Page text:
Democratic presidential candidate former Secretary of State Hillary Clinton’s plan to build half a billion solar panels by the end of her first term in office could end up being a $206 billion handout to China, according to a new report.
“Hillary Clinton’s solar plan will cost more than $200 billion above and beyond current projections,” according to an analysis by the free market Institute for Energy Research (IER).
“But the true cost of the plan is much higher, especially when the costs of adding this much solar power is considered,” IER reported. “Making matters even worse, electricity demand is not projected to grow enough that this new generating capacity would be needed, making Clinton’s plan even more wasteful.”
Clinton’s plan calls for 120 gigawatts of solar by 2020 — more than twice what Obama administration regulations are expected to create by that year. Adding nearly 100 gigawatts of new solar to the grid will cost nearly $2.5 billion per gigawatt hour, according to IER.
In total, Clinton’s plan costs $205 billion, and would likely benefit the world’s largest solar panel producer — China.
“To be sure, there is nothing wrong with international trade, but let’s be clear that Clinton’s initiative is not going to give the United States a ‘leg up’ on renewable energy,” IER reported, “we will simply be providing more support for Chinese solar panel producers.”
The U.S. imports most of its solar panels, 57 percent of which came from China 2014. U.S. panel makers only produced 12 percent of solar panels used domestically and government efforts to jump start the solar panel manufacturing have largely failed — think Solyndra and Abound Solar.
“Clinton’s solar plan is a plan to import billions of dollars of solar panels, even though electricity demand is not growing to necessitate this kind of new electricity generating construction,” IER reported.
China’s been pumping billions of dollars into their solar panel industry, which is largely responsible for the huge drop in solar prices in the past few years. Chinese companies have flooded the market with cheap panels that U.S. companies lease out to consumers in return for government subsidies.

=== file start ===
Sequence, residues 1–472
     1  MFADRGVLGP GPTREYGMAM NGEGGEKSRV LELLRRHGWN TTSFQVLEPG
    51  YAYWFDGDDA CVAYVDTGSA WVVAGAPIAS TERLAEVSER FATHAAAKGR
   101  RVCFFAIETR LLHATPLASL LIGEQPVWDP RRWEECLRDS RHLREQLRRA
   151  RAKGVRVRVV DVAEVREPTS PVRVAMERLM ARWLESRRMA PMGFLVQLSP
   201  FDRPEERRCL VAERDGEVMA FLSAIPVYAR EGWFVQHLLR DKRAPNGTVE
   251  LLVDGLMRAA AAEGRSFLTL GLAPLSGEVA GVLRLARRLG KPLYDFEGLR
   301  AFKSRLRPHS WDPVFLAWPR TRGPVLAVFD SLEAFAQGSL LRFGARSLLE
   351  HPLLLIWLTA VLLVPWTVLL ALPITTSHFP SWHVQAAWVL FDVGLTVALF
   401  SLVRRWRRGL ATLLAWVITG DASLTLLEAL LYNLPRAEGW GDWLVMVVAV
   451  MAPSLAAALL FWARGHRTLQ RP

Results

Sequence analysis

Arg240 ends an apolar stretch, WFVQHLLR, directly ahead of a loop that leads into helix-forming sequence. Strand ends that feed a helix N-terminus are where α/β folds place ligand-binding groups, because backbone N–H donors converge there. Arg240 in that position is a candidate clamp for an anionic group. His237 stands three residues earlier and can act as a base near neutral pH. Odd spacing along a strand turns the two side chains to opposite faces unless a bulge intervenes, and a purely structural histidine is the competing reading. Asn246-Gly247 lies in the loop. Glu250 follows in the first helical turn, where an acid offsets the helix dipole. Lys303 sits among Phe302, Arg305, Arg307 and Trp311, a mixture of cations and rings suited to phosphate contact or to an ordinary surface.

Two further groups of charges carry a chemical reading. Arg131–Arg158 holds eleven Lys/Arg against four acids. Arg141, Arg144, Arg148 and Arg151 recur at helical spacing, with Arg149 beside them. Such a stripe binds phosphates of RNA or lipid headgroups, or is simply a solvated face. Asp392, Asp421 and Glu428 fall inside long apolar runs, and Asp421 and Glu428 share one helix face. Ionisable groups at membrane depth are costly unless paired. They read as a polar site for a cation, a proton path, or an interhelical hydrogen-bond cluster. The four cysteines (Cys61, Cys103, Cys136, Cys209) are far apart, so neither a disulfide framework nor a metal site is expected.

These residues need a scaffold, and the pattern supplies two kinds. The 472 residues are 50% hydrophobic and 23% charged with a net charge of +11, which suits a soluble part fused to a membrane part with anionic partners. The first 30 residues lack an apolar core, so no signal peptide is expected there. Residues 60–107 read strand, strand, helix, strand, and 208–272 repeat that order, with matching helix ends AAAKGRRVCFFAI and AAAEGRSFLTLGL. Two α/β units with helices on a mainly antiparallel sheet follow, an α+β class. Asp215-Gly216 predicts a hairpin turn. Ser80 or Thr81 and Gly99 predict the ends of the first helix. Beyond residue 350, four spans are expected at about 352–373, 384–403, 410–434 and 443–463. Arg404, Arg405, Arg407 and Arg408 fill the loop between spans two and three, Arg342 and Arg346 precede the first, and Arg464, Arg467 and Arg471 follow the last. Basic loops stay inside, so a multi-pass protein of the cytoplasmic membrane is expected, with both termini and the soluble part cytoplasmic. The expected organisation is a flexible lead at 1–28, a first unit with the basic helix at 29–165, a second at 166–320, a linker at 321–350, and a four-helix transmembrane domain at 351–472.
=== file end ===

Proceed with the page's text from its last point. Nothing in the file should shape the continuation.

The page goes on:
Clinton’s energy policy is almost exclusively focused on boosting green energy production from solar panels and wind turbines. She’s promised to build half a billion solar panels by 2020 and make sure there’s enough green energy to power every American home.
“Through these goals, we will increase the amount of installed solar capacity by 700% by 2020, expand renewable energy to at least a third of all electricity generation, prevent thousands of premature deaths and tens of thousands of asthma attacks each year, and put our country on a path to achieve deep emission reductions by 2050,” Clinton’s campaign website boasts.
U.S. solar companies would likely benefit from “competitive grants and other market-based incentives” to boost solar energy use, but panel producers in China and Taiwan will liekly se the biggest dividends.
A 2014 report by the European Commission found that “China and Taiwan together now account for more than 70% of worldwide production.”
The Obama administration did slap tariffs on Chinese solar panel products in a bid to help domestic producers, but it’s still taking time for U.S. panel manufacturing to take off.
Chinese companies are also finding ways around the U.S. tariffs, mainly by producing panels in other countries. Bloomberg News reported “more than half the panel capacity Chinese producers plan to add overseas is in Southeast Asia.”
“Clinton promised to install half a billion solar panels by the end of her first term and get the U.S. to a point where it can generate enough green energy to power every home in the country,” IER reported.
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